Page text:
For example, if a twelve-year-old child (let’s call her Morgan) see a small group of friends clustered together across the playground or classroom with relaxed facial expressions, perhaps with many of them simultaneously showing animated lips or laughing mouths, then Morgan can see that a lively conversation is likely unfolding. She might feel drawn to approach the group casually as she mentally prepares to join the fun. Conversely, if Morgan sees several friends clustered together with their mouths paused in somber expressions while one child is speaking with their lips moving only subtly, as if speaking quietly or slowly, then Morgan might approach more tentatively or perhaps even realize that this might not be the best time to approach the group at all. This type of social awareness not only requires real-time ability to see facial expressions in order to facilitate awareness in the first place, but it requires a history of past experiences viewing facial expressions to create the social cognition skills necessary to recognize, process, and respond to this situation in a socially appropriate manner.

Moreover, the scene above describes what Morgan might be able to see and infer from unmasked faces before she is even close enough to hear a word of what the children are actually saying– masks obviously muffle our voices and prevent us from seeing the words that lips are speaking. This means the masks could also impede Morgan’s ability to successfully gauge the conversation as she approaches and then decide whether to give them space or join the group, based on her ability to pick up the vocal tone and content of the chatter. For example, are the girls talking about a favorite teacher where Morgan can chime in easily; or discussing something sensitive about what happened to them earlier in the day when Morgan wasn’t around?

If Morgan approaches the group and as she draws closer she sees that it appears to be a “private conversation” where joining might seem intrusive, the experience can go so much better for her if she’s able to detect this sooner rather than later, without masks literally masking much of the information she needs to read a group dynamic– plus, an absence of masks will allow a friend in the cluster who happens to see Morgan cease her approach can still make brief eye contact and throw her a small smile, perhaps even mouthing the words “let’s talk later!” as Morgan reads the situation and notices her friend in the group.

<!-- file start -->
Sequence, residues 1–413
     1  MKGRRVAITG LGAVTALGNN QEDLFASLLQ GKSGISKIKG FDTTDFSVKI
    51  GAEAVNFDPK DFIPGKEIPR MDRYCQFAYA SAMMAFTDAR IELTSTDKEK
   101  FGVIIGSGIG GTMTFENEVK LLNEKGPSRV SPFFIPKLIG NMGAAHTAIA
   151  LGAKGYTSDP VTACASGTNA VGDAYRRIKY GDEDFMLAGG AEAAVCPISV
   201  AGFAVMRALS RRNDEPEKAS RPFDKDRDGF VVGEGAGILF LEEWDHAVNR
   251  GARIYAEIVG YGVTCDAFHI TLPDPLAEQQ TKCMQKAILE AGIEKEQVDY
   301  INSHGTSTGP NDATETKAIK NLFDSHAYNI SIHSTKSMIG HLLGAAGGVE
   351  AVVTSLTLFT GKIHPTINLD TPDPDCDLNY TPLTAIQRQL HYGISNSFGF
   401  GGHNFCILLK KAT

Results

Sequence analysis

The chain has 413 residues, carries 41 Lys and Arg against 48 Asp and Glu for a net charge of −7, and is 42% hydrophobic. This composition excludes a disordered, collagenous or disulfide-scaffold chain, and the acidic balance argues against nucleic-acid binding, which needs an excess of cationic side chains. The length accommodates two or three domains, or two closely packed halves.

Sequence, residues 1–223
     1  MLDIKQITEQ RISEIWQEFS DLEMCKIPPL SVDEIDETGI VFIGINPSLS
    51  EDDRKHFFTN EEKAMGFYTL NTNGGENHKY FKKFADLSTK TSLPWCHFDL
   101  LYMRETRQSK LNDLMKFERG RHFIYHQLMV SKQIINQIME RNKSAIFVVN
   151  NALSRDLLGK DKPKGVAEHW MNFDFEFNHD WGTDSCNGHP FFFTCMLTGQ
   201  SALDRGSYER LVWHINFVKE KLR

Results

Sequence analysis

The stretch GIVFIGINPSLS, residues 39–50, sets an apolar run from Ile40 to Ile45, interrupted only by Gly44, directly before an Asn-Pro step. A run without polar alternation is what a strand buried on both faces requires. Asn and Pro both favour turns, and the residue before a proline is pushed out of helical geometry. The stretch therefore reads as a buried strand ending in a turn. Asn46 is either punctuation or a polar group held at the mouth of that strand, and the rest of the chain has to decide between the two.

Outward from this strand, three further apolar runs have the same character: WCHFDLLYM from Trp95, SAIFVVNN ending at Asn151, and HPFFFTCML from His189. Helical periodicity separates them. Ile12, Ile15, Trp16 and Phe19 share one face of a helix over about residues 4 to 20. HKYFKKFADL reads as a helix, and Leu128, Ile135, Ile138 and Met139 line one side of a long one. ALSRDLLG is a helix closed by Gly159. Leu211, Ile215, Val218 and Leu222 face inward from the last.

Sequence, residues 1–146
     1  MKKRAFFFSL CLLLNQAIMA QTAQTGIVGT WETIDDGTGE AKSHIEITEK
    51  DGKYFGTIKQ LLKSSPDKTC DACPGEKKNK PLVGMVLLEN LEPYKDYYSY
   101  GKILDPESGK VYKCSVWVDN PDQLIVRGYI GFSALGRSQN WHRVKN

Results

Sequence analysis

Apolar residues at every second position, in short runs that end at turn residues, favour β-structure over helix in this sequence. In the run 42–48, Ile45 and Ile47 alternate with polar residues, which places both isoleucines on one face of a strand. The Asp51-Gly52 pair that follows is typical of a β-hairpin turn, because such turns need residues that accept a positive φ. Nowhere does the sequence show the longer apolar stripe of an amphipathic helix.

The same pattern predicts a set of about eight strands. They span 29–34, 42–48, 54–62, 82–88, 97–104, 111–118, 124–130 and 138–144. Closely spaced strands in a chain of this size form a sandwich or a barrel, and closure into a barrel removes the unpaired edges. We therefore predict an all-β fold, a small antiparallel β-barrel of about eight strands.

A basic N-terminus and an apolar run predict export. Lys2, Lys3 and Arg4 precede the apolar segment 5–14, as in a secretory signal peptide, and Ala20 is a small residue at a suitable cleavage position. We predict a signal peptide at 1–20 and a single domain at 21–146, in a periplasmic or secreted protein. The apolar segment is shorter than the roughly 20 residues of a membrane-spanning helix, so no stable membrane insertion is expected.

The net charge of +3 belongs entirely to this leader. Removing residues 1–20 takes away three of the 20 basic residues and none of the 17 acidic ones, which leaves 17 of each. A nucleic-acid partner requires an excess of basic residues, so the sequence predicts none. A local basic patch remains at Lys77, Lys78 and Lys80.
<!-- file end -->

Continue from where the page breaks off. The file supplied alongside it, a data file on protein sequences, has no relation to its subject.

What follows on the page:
These small, subtle moments of social interaction are pivotal in social cognition, as well as in the sense of well-being we get from the social support afforded from well-informed social interactions.

While mirror neurons help us to register certain parts of facial-emotional information, social cognition helps us understand how to navigate this awareness interpersonally. Certainly, there are other factors that could guide Morgan, such as general body language, if her classmates were masked– but as a parent and a psychologist, I can tell you that getting kids to really read and understand social scenes even with the bright beacon of facial-emotional information can be a challenge. Why make it even harder on them, unless absolutely necessary?

3. Self-esteem: When a young child engaged in group play suddenly feels left out, they may make an instantly recognizable pout as their lower lip sticks out into an upside-down U-shape. A parent or teacher from across the room sees this pout and is drawn over to ask the child what happened, thereby helping them to verbalize their experience– as well as potentially guide them to practice skills to remedy the situation (“Let’s tell Grayson it’s not nice to take toys away from people, but we’ll also let him know he can play with the toy in 5 minutes so the two of you can share.”). Similarly, when a young child is discovering something simple and wonderful such as the joy of building a tower 10 blocks tall, they may display a gleeful, infectious smile-- stimulating a parent or teacher to draw near, smile back, give their chubby cheeks a squeeze and say, “Yes, you’re building an amazing tower, aren’t you?!”. These experiences are subtly communicating to children that their experience matters to others. Even if we do read the situation despite the masks and make a face of sympathy as we walk over to help, the child cannot read (or even see!) the empathy on our face as we approach– nor can the child who has taken the toy to learn from our face that his behavior has triggered a very specific response in the adults around him– and thereby learn that his own behavior is perceived as hurtful to others. Yes, we can convey this with words– but children are often somewhat pre-verbal, and sometimes there’s truly nothing like a friendly face to say a thousand words in a single moment.